No two stories of a bout with cancer are exactly the same. Unfortunately, whether you have dealt with the dreadful disease yourself or have witnessed the struggle of a family member or friend, nearly everyone has a story to tell. Until the miraculous day when a cure is discovered, one of the ways cancer patients and their loved ones heal is through sharing—stories of courage, strength and support in the face of seemingly insurmountable adversity. We hope these three personal and local experiences with cancer we reveal on the following pages may offer you an opportunity to relate, a drive to help, a reason to be grateful, the inspiration to live life to the fullest or all of the above.


A Survivor's Support

After Beating Stage III Colon Cancer, Betty Dobbs Spends Time Helping Other Patients Heal

By Cathy Welch
Photos by Angela Douglas

Life in retirement is looking pretty good these days for Newport News resident Betty Dobbs. She volunteers with Newport News Women’s Club serving veterans, underprivileged families and children. She delivers home-cooked meals to friends and neighbors and coordinates luncheons for homebound people. Occasionally, she organizes trips for her Orcutt Baptist Church Sunday School class.

In her leisure time, she plays on a ladies’ golf league at Fort Eustis Army Base. She and her husband, Wayman (her high school sweetheart), love visiting Charleston, N.C., Savannah, Ga. and traveling up the Eastern Seaboard. This fall, the couple will travel to New England for their 59th wedding anniversary.

They’ve got two grown children, five grandchildren and four great-grandchildren.

But just four years ago, Betty’s life was put on hold.

After a trip to visit her daughter’s family in fall 2012, Betty felt a sore spot on her side. “I found it myself and decided to get it checked,” she recalls. She was scheduled for an immediate colonoscopy, where her doctor removed five polyps. However, one was too large and required surgery.

“I got a call that evening and was told I had stage III colon cancer—adenocarcinoma,” Betty says. “I thought surely he was looking at somebody else’s records. It couldn’t be me.”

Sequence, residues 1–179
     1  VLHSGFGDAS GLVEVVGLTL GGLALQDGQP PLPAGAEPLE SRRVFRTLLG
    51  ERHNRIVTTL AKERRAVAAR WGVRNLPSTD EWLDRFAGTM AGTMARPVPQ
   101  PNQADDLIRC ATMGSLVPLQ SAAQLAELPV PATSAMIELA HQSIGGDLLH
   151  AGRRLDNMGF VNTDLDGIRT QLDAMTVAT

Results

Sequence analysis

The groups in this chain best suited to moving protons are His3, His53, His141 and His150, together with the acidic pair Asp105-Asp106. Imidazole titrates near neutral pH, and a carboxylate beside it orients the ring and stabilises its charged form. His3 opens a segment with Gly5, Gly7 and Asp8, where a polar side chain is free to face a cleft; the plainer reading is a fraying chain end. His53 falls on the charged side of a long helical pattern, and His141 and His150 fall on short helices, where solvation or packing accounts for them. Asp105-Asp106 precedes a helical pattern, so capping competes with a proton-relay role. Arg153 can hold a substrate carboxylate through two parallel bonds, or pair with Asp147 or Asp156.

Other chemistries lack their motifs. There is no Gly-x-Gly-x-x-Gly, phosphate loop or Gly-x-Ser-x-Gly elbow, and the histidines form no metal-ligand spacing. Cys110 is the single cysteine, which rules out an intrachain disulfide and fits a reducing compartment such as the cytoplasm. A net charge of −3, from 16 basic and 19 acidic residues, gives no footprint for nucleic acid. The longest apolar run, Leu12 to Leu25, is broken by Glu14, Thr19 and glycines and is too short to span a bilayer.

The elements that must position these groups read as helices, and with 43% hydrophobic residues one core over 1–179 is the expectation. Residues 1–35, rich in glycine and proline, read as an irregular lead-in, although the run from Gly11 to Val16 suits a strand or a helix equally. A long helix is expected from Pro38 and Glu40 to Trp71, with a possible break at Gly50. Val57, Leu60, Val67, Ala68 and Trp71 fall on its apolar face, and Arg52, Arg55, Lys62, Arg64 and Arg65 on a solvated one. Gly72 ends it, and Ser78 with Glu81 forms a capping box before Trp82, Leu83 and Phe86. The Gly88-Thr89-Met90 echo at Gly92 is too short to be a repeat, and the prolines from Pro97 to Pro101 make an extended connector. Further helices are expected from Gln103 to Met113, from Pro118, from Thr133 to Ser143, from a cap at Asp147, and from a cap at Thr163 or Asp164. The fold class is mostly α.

She had always taken good care of herself: ate the right things, walked four to six miles daily, played golf, and waterskied into her 60s.

After the call, she sat on Wayman’s lap. “We cried, huddled together and talked,” Betty says. “Wayman’s prayer was for God to take the cancer but not take my life.”

She asked God for courage, patience, healing and understanding. “We studied a lot of books from the cancer care center to equip ourselves with knowledge,” she says.

Her doctors agreed that her cancer needed to be treated aggressively. Dobbs says she trusted God to guide the professionals chosen to treat her.

Betty had a port implanted in her chest for eight months of bimonthly, six-hour infusions at Riverside Cancer Center in Newport News. After pre-meds she received a “cocktail” consisting of five harsh medications.

Following each bimonthly, Tuesday infusion, Betty wore a portable pack of medication for two full days. She had tablets for nausea and therapy for neuropathy. Her chemotherapy medications caused imbalance. She fell a lot, once stripping the tendons in her finger. She also had a problem with cold drinks and ice cream. “I couldn't get anything out of the refrigerator without wearing gloves,” she says.

Aware that hair loss was a common side effect of chemotherapy, she bought a blonde wig. She had always wanted to be a blonde. “My sweet nurse told me my medications would not cause hair loss,” she says. “So no blonde Betty.”

She stayed home, rested a lot, but got up and dressed every day. Wayman and their children stayed by her side. Her sisters came for a week and did the grocery shopping, laundry, cooking and cleaning. “They were good for me,” Betty explains. “They were there if I got depressed. And I had days where I was pretty sick.”

During her weekly infusions, four other people shared her treatment room—each with a different kind of cancer. “Everybody has a story,” Betty says. “And each story is different even though we have the same disease.”